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CHAPTER EIGHT: Choosing meaning: 2

Krause, Inga-Britt Karnac Books ePub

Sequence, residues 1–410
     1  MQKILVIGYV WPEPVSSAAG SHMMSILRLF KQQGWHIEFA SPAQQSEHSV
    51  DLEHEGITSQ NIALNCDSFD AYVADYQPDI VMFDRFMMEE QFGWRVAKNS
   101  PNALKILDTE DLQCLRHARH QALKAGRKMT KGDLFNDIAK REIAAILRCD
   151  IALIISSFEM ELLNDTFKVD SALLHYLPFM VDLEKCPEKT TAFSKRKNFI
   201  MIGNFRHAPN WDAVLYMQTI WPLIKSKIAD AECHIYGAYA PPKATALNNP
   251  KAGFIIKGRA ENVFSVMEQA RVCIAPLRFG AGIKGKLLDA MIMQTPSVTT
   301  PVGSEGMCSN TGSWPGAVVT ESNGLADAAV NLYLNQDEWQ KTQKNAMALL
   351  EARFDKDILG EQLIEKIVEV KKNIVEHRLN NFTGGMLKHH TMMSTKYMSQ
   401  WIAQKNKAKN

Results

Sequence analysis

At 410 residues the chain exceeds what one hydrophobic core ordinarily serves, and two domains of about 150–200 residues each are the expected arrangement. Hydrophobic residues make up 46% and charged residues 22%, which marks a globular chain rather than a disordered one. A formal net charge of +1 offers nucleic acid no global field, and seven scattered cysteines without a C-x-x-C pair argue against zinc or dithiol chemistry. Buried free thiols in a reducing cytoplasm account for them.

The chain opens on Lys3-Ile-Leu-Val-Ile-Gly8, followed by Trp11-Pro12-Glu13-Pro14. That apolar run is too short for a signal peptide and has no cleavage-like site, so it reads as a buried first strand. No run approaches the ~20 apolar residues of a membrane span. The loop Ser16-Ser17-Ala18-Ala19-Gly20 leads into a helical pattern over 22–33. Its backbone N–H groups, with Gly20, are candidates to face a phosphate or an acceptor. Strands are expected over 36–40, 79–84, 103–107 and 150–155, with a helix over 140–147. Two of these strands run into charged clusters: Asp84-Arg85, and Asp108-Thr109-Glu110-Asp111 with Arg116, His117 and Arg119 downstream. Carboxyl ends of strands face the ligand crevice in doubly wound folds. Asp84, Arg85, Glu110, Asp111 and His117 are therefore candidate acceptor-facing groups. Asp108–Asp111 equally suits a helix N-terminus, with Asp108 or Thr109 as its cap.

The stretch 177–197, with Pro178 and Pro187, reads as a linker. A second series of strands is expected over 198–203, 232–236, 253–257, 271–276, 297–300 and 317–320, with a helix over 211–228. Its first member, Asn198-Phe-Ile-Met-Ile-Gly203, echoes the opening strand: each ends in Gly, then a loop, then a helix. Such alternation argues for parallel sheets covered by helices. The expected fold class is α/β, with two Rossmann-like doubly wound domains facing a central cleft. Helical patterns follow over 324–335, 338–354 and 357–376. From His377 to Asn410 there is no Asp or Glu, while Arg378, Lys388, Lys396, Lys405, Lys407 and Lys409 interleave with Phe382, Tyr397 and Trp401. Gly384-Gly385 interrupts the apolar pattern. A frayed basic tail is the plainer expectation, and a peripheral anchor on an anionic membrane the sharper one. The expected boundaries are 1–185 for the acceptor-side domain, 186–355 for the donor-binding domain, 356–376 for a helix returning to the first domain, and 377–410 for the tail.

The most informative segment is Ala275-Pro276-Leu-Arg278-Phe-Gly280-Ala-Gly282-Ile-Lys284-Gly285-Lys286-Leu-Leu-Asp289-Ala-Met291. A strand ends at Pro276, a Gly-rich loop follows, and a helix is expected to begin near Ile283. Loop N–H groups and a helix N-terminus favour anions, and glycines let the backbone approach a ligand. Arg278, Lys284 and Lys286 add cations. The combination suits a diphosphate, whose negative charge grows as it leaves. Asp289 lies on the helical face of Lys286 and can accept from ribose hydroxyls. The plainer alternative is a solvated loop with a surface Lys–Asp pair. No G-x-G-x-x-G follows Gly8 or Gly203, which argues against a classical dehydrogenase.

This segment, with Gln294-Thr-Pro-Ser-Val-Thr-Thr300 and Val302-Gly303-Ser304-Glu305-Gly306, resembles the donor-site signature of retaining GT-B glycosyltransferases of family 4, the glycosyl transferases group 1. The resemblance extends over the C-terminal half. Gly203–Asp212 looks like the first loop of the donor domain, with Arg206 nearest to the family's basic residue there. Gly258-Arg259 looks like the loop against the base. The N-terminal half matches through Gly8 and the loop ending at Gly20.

In chapter seven, I showed how the therapist can start from a position that is general enough not to be identified with her own cultural assumptions and yet give some direction to the enquiry and the therapeutic process. The therapist must try to know what she does not know, and this is why she cannot start with a view from nowhere (Nagel, 1986). Indeed, this would be an illusion. I gave some idea of what the “system” that the therapist may want to keep in mind might look like, as well as ethnographic questions and subquestions that can be generated so that the therapist can move towards “thick description”. Thick description involves language in the broadest sense, including its expressive use, the experience of participation in the language loop, and, of course, digital and analogic modes of communication (Bateson, 1973). On the basis of these processes, the therapist may, like the ethnographer, be able to access information that is new and, because it may be different from what she expected, needs explaining. But not all this information is also new to the client, because, just like the therapist herself, clients act, think, feel, and exist against the background of previous patterns of interaction and meaning. Information, then, may refer to what Bourdieu (1990) has called doxic experience—that is to say, knowledge that individual persons take for granted and may not be wholly conscious, but is nevertheless imbued with cultural patterns and meaning (see chapter five). This kind of material is a challenge to the therapist because she cannot ask direct questions about it. Nevertheless, her efforts must be directed towards accessing and tuning into these kinds of meanings, and if she is able to do this, she can use it to generate new questions. This requires some clarification, and I shall do this by way of an example.